Contrasting majority white evangelical support for Trump, in some states 0% of African Americans plan on voting for Trump. You read that right: zero percent. The most religious demographic in America, African Americans, historically victimized and terrorized, know evil when they see it.

The few white evangelicals who dare oppose Trump often point to the candidate’s racism.

Russell Moore, president of the Southern Baptist Convention’s Ethics and Religious Liberty Commission calls Trump’s racist campaign “moral sewage” and “darkness.” By extension, Moore declares that evangelicals who support Trump are rejecting Jesus. Southern Baptist evangelical and South Carolina U.S. Senator Lindsey Graham warns of the “evil force” driving Trump, whom he has derided as “a race-baiting, xenophobic religious bigot.”

What does all this mean for the (white) American evangelical movement? Even before Trump, many American evangelicals had abandoned Gospel convictions in favor of an unholy political alliance with the Republican Party. Now, many have gone even further.

Michael Gerson, evangelical and former speech writer for George W. Bush, notes that in choosing Trump, white “evangelicals are not merely accepting who he is; they are changing who they are.”

Or maybe not. Perhaps choosing Trump over Jesus is the latest manifestation of a four centuries-long racist element within white American Christianity expressed in steadfast opposition to human rights and equality for minorities.

As to what happens next, Michael Ferris, another prominent evangelical figure, insists that evangelicals’ embrace of Trump “marks the end of the Christian Right.”

Jonah Goldberg, prominent conservative political analyst and of Jewish faith, minces no words in visualizing what would happen if Trump attains the White House. “A Trump presidency is a ride straight to perdition, with a capital H.”

At the least, Donald Trump’s biography and campaign are saturated with an unprecedented litany of evil deeds and words, as even many of his supporters concede. It would seem that many white evangelicals, tempted by a political mirage of a strongman savior, have chosen to follow a new messiah into a wilderness of hatred and darkness.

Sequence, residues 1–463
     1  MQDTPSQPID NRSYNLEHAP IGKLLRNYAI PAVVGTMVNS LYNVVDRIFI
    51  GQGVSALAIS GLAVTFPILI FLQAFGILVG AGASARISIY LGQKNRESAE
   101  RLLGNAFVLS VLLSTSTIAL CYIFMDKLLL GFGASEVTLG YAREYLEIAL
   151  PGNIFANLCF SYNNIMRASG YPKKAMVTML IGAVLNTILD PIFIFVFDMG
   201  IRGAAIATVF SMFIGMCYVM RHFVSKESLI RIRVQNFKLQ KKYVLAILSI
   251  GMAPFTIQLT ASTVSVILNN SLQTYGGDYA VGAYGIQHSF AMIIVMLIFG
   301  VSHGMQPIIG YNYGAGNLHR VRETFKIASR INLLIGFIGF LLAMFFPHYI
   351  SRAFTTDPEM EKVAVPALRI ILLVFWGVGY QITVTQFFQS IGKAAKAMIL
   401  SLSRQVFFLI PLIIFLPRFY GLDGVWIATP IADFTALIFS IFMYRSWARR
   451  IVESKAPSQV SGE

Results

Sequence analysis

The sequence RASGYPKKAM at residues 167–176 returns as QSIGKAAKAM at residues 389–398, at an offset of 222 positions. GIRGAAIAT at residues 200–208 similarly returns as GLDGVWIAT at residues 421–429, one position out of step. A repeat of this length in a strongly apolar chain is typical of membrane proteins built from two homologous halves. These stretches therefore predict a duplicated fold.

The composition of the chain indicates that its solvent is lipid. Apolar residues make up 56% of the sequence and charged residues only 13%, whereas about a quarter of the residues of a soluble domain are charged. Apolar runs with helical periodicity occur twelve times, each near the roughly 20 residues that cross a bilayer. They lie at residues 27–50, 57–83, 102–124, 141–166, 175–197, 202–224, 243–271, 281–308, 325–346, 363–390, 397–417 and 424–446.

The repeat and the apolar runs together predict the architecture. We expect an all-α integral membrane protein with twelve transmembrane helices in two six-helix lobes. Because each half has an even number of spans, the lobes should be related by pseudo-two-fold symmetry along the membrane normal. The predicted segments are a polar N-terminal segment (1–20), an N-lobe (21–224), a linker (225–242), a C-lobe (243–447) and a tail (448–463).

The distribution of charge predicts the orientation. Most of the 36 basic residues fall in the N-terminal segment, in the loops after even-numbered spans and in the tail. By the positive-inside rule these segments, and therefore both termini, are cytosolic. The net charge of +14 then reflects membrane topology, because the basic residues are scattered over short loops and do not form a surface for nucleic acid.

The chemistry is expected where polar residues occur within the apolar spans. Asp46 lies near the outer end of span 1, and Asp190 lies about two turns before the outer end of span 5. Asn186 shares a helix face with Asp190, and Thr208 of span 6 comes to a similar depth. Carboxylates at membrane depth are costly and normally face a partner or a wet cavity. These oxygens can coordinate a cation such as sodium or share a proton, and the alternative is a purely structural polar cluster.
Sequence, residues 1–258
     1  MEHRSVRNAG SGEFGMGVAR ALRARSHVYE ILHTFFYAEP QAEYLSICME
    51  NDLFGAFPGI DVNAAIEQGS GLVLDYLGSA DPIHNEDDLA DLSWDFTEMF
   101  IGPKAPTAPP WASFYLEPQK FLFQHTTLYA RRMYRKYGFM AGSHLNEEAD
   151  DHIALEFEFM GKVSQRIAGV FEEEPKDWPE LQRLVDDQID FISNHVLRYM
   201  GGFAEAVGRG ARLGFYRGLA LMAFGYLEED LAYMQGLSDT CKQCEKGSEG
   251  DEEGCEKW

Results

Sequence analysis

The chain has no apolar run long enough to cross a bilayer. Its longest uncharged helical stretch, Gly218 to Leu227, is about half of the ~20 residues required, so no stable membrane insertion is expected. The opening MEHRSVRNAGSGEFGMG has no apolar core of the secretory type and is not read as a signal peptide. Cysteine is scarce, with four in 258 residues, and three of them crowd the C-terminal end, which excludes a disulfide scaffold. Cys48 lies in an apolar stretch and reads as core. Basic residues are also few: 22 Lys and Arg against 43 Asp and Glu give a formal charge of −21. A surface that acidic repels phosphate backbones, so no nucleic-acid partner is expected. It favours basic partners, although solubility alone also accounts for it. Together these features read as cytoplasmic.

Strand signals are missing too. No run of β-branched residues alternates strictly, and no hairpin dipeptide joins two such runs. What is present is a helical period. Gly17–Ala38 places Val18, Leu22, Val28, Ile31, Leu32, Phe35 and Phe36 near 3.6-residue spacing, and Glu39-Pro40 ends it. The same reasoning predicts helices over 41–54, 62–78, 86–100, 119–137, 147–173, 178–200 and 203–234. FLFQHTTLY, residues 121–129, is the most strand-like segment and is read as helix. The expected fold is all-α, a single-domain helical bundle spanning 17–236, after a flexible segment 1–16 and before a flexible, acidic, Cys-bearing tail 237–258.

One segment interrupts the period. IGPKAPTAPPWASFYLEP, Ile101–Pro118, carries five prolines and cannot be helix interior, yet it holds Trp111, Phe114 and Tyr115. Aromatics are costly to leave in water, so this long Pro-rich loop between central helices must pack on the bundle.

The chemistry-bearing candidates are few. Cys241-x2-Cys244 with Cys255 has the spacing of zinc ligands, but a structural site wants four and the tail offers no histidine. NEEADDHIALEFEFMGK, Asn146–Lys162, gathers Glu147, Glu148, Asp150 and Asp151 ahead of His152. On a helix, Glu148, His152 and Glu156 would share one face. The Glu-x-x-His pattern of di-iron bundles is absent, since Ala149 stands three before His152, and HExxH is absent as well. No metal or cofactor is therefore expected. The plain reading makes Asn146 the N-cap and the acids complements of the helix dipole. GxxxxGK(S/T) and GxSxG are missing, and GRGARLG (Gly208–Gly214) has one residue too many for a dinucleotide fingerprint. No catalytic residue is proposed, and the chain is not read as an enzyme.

a New Video from the Baptist History and Heritage Society

The Baptist History and Heritage Society announces a new video produced in conjunction with Cooperative Baptist Fellowship and with funding from the Eula Mae and John Baugh Foundation.

Click the link below to learn of the Stories and Hopes of young CBF Baptists.

video cbf 2016


by Mark E. Biddle

biddle_markMark E. Biddle, Dr.Theol (Zürich), is Russell T. Cherry Professor of Old Testament at Baptist Theological Seminary at Richmond. He has authored six books, ten translations, and more than 150 articles, reviews, and lectures. He is editor of R&E, and of the Reading the Old Testament (Smyth & Helwys) and the Smyth & Helwys commentaries.

And God said to Noah, “The end of all flesh is coming before me because the earth is full of violence (hamas) because of them.  Now I am about to destroy them along with the earth.  (Gen 6:13, my trans.)

The Priestly authors of portions of the Genesis narratives of the beginnings of the human race did not clearly elucidate their understanding of humanity’s responsibility for “subduing” the earth, but they did include statements that rule out any notion that this responsibility could include exploitation. In the Genesis 1 creation account, for example, God explicitly assigns vegetation and fruit-bearing trees as the proper food sources for humankind.  Later, after the Flood, God makes a concession allowing humans to consume meat, so long as they do not also consume the animal’s blood – the source of life itself (Gen 9:1-6).  Apparently fearing that permission to kill (animals) in order to live could be perceived as a divine endorsement of killing per se, God quickly adds that killing a human being – created in God’s image – is absolutely prohibited, even for animals (Gen 9:6).